bomb i lived through, 1999/2000. how about the flash crash in may of 2010 where the market lost $10 trillion because of a computer glitch? i know i was on television when it happened. i was on "street signs" one of the most embarrassing and least reassuring events i've seen. who can trust that mechanism with her life savings? stocks didn't seem like an asset class that day. seemed like smoke and mirrors. how about the latest round of huge insider trading scandals? this time, the biggest one ensnared a hedge fund manager who ran billions. and that raj give upta. and the director of goldman sachs and procter & gamble. got 11 years in the slammer. not talking about the madoff scandal, true they can't protect you from the most flagged scam. many knew those returns were too outrageous to be real. including those who whistleblew to the s.e.c. to no avail. or all these little busts from satellite firms an allegedly connected to s.e.c. capital. so how do you vaccinate yourself
from all of this? how do you protect yourself from thchicanery. if you're lucky, if you're able to avoid it, great, but you can't game fraud. you never know when it's going to strike. second, there'll always be down markets. i can't protect you from an economic crash and what it would do to the stock market. even diversification, which we always call the only free lunch on wall street only caused you to lose less in that era. consolation maybe the great destruction of wealth, well, let's just say nothing can protect you if you own stocks. but what i can do is offer you some simple rules tonight that will let you have more confidence in the stock market even if you think portions of it are rigged or beyond your comprehension. and the first rule, know what you own. i know it sounds simple, of course, like everyone thinks they know what they own. how does this protect you from the myriad ways people and machines can abuse you? first, if you actually know what stock you own. okay. and the stock goes down, a la
the flash crash, you'll be able to take advantage of the mechanical lunacy and buy more at lower prices than you ever thought you'd get. using limit orders not market orders. second, if you know what you own, you can handle a stock that plummets -- take facebook. it's a pretty good company. maybe you can buy it on the way down, get a better average. third, if you know that you own what you own, then who really cares about guys like the raj or any of these other guys that are nabbed by the u.s. attorney? what does it mean? if you know what you own, you are in control of your own destiny. but how do you know if you know what you own? in other words, a lot of people think they know what they own. it's not a syllogism, it's a real issue. here's my answer, it's a practical way to look at it. first, say you stop me coming out of the "squawk on the street" post 9:00 one day down on wall street and this happens five or six times every single day. let's say you shout at me and say, hey, cramer, what do you think of that xyz corp.? you know what i do? i say, hey, listen, what do you think?
tell me what it does. tell me why you bought it. do you know that the vast majority of the time people don't even know either answer. they don't know either answer. they usually got some tip they saw some chart, they heard from some uninformed source it was going to the moon. but they have no idea what business it's in or how it does or how it's doing. they don't even know in a lot of cases what it makes, how it makes its money. they don't know if it pays a dividend. they don't know if it makes money or loses money. they have no idea. by the way, i see this all the time too. people say should i buy more? should i cut my losses? i say why did you buy it in the first place? and if you don't know, then, of course you should sell. here's what you need to do. ask yourself the same questions i put to the perfect strangers every day. can you answer them? do you know them? if not, you shouldn't be investing in that stock, you shouldn't be investing in any stock until you do. here's the bottom line, the first rule of protecting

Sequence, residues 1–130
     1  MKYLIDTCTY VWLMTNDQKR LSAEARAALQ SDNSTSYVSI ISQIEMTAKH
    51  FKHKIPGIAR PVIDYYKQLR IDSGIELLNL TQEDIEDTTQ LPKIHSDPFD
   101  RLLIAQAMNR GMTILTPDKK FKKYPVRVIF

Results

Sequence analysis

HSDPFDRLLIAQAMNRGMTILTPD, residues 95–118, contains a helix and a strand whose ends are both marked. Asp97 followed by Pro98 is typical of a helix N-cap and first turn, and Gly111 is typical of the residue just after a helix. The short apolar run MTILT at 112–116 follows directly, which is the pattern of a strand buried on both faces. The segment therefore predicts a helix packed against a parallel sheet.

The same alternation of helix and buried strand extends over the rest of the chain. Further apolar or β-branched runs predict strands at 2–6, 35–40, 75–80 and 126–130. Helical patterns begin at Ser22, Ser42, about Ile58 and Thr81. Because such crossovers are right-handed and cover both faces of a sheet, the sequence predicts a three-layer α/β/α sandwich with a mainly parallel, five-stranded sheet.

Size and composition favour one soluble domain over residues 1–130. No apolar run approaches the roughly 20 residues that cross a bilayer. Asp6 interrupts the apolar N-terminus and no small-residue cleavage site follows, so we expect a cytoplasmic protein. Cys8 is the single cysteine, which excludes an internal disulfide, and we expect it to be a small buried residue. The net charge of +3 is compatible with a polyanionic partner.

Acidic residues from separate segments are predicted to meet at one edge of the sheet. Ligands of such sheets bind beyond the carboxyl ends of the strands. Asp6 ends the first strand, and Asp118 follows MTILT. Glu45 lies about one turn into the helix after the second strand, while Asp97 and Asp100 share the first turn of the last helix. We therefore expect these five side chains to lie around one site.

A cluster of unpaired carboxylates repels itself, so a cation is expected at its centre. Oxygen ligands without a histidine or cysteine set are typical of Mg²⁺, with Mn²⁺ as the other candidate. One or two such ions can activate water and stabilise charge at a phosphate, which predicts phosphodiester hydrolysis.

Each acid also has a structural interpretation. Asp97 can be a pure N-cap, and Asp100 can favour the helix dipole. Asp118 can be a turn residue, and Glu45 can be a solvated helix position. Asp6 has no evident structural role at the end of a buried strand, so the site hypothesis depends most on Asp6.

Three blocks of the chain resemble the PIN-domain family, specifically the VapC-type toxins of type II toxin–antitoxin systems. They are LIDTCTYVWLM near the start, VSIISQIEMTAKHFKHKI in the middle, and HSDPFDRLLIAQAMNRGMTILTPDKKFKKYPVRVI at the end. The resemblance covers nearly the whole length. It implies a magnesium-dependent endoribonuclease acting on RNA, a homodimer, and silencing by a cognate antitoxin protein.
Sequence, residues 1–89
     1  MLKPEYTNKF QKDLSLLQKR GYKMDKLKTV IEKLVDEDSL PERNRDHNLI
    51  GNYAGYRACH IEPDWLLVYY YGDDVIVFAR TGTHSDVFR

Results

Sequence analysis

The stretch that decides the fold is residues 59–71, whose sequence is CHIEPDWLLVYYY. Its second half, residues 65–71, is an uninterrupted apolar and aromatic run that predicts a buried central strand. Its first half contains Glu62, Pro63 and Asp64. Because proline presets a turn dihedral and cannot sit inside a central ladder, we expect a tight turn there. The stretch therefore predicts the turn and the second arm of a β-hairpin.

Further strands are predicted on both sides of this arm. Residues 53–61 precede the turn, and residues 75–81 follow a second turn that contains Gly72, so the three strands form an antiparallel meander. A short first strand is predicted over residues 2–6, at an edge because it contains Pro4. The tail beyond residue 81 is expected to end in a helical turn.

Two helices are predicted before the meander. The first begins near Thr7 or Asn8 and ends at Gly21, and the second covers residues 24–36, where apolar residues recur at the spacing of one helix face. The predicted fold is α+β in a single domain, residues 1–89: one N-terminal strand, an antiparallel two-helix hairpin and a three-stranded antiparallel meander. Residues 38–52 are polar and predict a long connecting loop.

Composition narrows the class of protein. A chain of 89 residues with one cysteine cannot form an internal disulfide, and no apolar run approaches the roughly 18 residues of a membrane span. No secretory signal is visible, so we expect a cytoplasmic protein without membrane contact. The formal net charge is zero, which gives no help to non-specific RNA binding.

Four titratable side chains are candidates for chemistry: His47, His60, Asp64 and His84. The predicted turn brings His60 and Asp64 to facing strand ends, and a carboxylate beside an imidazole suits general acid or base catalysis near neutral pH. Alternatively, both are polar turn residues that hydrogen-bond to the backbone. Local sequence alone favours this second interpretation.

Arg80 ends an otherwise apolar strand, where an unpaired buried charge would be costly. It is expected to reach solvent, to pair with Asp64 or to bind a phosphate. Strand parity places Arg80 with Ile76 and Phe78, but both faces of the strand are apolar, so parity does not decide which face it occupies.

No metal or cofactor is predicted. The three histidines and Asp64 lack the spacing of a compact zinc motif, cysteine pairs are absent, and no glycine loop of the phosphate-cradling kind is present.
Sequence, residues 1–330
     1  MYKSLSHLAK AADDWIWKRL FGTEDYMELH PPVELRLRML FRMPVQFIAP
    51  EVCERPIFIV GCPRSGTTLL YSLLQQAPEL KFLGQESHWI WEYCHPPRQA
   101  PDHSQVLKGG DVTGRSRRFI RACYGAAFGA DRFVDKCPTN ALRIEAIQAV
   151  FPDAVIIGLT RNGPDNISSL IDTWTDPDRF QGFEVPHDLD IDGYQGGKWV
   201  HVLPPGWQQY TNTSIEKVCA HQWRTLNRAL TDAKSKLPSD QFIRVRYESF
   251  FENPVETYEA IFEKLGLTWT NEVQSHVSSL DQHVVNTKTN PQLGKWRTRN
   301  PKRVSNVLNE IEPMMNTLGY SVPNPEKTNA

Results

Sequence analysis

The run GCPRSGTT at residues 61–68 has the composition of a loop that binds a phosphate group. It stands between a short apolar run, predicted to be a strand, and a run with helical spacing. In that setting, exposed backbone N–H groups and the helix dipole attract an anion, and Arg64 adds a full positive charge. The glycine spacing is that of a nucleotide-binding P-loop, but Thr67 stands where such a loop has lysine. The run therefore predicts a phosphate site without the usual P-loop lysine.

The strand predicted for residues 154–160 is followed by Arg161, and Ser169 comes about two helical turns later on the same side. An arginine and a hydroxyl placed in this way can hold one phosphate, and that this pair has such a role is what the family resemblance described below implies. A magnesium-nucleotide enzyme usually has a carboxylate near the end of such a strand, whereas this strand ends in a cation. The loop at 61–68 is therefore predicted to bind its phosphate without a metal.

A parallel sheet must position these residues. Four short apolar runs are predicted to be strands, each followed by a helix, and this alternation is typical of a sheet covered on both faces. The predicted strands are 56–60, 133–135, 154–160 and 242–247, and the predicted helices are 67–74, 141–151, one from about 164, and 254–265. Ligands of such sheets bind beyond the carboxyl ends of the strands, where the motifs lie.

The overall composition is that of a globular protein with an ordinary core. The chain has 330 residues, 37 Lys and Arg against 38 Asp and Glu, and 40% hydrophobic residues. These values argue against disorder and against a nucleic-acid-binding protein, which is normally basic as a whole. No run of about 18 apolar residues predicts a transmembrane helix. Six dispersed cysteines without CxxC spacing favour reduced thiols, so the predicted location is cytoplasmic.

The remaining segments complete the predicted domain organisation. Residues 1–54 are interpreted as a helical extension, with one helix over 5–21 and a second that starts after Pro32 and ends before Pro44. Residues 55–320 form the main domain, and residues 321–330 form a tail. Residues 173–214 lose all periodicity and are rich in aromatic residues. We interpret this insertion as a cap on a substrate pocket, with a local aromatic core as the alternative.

yourself is get some knowledge, please. know what you own. can you describe it to me if you see me at wall and broad? can you tell me what it does and why you bought it? and give me say a three-sentence pitch about why it's good? if you can't, don't bother me and don't bother buying. here's a promise and a prediction. you're just going to lose yourself some big-time money. why don't we start with some questions. let's go to scott in colorado. scott? >> caller: hey, boo-yah, jim. hey, jim, i have a question about price targets. when an analyst sets a target price, how does that fit in my planning for evaluating stocks? and when does that price target expect to be fulfilled by the analyst? >> well, one of the reasons why i am neutral on price targets, we do some for actionsalertplus.com. as the stock goes down, the analysts keep making their price targets lower, and they make the price targets larger as the stock goes up. what i find valuable is what o so it really isn't all that valuable. they think the stock is going to
earn. and then we try to apply a multiple to it. so the key thing is the earnings estimates in the future. that's why stocks trade where they do, profits and then we can figure it out on a case-by-case basis. don't use the price targets. steven in california, steven? >> caller: yes, jim, boo-yah to you. >> boo-yah back. >> caller: okay. i was wondering, i bought a stock before and it had a reverse stock split. and it didn't do that good. i'm wondering when a company does a reverse stock split, are they trying to make it more interesting for other companies? or are they just trying to save money? >> no. no, steven. it's a great question. what they're trying to do is save embarrassment. citigroup did this. they really felt that a stock that was under $5 for instance, wouldn't attract institutions. they like to buy stocks over $5. it was a way to be able to gussy it up a little bit. it has nothing to do with the